- Previous 0/1630
Glass wine-cup with rounded sides and slightly everted mouth-rim. The wine cup is semi-opaque white glass. There are two large and two small scroll-edged panels with summer and winter landscapes in 'famille rose' palette enamel set in green ground on the exterior. Pair with PDF 850.
- Made in: Beijing
- (Asia,China,Beijing (municipality),Beijing (city))
- Height: 49 millimetres
Inscription Positionon base
Inscription TransliterationQianlong nian zhi
Inscription TranslationMade in the Qianlong reign
Inscription CommentFour-character mark of Qianlong in blue enamel on the base
Published PDF date : Qing Qianlong 1736-95Room 95 label text:
Enamelled glass wine cup with landscape
Enamelled glass painted within the same workshops as porcelain in the Forbidden City is much rarer than enamelled porcelain. Chinese glassmaking technology has traditionally been influenced by foreign craftsmen and the palace workshops were supervised by European Jesuits. Although this opaque white glass cup derives its shape from contemporary Qing porcelain made at Jingdezhen, the enamel decoration is informed by European painting styles. The cup has a four-character Qianlong reign mark in blue enamel on the base.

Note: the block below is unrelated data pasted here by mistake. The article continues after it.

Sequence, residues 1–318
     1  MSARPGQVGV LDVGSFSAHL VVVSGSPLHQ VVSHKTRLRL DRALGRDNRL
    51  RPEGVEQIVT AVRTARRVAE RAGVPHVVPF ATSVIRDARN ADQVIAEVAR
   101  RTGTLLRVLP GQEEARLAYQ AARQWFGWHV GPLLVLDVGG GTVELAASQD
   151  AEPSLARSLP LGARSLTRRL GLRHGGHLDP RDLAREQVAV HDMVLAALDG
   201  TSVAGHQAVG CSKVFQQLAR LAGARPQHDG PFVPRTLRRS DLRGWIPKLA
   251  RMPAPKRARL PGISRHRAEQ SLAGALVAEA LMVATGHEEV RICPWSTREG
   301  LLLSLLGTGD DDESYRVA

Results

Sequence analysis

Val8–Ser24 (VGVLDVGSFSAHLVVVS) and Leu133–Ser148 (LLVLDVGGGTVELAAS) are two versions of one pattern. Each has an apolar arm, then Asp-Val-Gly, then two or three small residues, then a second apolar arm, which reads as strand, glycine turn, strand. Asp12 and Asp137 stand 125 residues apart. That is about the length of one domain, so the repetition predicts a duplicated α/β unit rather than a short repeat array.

Forbidden City, Beijing 北京故宫
Qing dynasty, Qianlong blue enamel mark and period, AD 1736–95
R. L. Hobson, 1934 records: From the Hippisley Collection. See Hippisley, "A Sketch of the History of Ceramic Art in China", p. 406, Nos. 326 and 327 and Plate 20. PDF card: Acquired via Tonying 1926. Hippisley Collection No. 327.
Porcelain wine-cup with rounded sides and slightly everted mouth-rim. Semi-opaque white glass, finely and delicately decorated on the exterior with 'famille rose' enamels, with two scroll-edged panels of landscape set in a ground of naturalistic flowers. Pair with PDF 851.
If you’ve noticed a mistake or have any further information about this object, please email: firstname.lastname@example.org
Object reference number: RRC39182
British Museum collection data is also available in the W3C open data standard, RDF, allowing it to join and relate to a growing body of linked data published by organisations around the world.
The Museum makes its collection database available to be used by scholars around the world. Donations will help support curatorial, documentation and digitisation projects.